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Dual Transformation
How to Reposition Today's Business While Creating the Future
By: Scott D. Anthony, Clark Gilbert, Mark W. Johnson

Blending case studies from global organizations like Adobe, Johnson & Johnson, and Aetna, first-hand reflections from leaders like Ford CEO Mark Fields, as well behind-the-scenes insights from the authors' own experiences, this book will guide executives through the journey of becoming the next version of themselves, allowing them to own the future, rather than be disrupted by it.

Leading Transformation
Executive Briefing | May 2017

New research ranks the 10 global companies that have achieved the highest impact business transformations over the past 10 years

Article | November 2012

Sooner or later, most companies will need to reinvent themselves in response to disruptive market shifts, technologies, or start-ups. But can a new business model quickly replace all the revenue an incumbent has lost to market upheaval? Only in rare instances, say the authors.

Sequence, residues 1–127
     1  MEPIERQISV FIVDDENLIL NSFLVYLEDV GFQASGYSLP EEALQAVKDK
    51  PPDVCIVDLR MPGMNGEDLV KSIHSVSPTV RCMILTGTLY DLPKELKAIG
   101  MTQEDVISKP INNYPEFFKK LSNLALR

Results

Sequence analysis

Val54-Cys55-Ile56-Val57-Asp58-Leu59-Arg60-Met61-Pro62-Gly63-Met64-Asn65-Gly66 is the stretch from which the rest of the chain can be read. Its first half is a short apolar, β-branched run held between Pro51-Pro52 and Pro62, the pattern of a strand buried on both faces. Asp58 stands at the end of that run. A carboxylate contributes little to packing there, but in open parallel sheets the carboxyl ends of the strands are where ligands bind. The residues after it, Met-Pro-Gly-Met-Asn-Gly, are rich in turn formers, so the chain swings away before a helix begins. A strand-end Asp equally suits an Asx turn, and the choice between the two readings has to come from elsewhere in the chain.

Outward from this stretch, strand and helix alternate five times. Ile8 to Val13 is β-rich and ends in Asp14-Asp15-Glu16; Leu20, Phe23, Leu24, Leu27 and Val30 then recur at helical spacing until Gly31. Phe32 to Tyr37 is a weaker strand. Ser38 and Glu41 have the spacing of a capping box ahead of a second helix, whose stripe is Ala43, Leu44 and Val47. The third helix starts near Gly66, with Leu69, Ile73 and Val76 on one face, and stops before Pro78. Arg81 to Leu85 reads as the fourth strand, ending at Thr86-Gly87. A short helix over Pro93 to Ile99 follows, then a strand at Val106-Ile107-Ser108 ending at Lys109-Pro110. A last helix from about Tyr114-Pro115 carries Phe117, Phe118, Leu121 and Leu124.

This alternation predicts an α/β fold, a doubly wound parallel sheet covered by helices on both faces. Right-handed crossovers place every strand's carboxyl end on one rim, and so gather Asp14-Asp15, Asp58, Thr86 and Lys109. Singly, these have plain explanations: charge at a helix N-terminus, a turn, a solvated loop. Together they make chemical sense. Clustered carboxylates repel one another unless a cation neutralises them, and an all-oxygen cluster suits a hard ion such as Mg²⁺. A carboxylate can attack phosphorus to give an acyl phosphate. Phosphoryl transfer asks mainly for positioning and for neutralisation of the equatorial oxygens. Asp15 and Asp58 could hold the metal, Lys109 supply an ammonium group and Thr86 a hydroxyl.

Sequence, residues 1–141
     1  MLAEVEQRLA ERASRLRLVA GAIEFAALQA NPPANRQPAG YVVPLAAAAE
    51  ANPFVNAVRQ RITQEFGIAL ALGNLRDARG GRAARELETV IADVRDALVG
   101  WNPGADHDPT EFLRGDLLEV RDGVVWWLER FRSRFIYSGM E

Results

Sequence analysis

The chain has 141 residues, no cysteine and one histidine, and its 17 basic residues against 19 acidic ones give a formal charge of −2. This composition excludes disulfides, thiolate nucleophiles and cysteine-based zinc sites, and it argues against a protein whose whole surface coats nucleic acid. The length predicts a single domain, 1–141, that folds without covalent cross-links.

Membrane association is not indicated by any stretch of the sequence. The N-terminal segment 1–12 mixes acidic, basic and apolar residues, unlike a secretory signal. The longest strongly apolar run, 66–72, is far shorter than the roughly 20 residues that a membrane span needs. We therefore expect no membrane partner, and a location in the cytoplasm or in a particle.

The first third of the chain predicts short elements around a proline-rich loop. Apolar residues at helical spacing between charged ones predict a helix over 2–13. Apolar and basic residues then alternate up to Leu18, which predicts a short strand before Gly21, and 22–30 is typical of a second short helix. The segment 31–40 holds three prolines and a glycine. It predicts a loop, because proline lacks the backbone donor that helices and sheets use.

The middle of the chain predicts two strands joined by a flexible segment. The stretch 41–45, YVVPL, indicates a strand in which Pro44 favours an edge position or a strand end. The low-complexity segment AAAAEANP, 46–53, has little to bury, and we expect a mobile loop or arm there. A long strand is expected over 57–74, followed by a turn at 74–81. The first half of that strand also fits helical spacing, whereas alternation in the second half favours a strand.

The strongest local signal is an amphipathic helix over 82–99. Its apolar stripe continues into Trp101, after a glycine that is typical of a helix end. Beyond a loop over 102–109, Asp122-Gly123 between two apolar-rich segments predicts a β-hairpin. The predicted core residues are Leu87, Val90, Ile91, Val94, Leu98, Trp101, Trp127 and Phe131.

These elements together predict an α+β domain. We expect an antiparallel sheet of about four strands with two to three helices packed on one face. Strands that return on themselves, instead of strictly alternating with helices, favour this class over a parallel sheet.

Healthcare
Industry Horizons | October 2017

Learn why the jobs to be done approach to healthcare delivery is particularly suited to solving the pressing issue of chronic disease management.

Industry Horizon | May 2017

Strategies for leaders who aim to build a future of better health and lower costs

Jobs To Be Done
Book | October 2016

The long-held maxim—that understanding the customer is the crux of innovation—is wrong. Customers don't buy products or services; they "hire" them to do a job. The "jobs to be done" approach can be seen in some of the world's most respected companies and fast-growing startups. In this book, Innosight cofounder Clay Christensen, Senior Partner David Duncan and others show how the jobs framework can help companies improve their innovation track record.

Article | December 2015

No business survives over the long term without reinventing itself. But knowing when to undertake strategic transformation—when to change a company’s core products or business model because of impending industry disruption—may be the hardest decision a leader faces.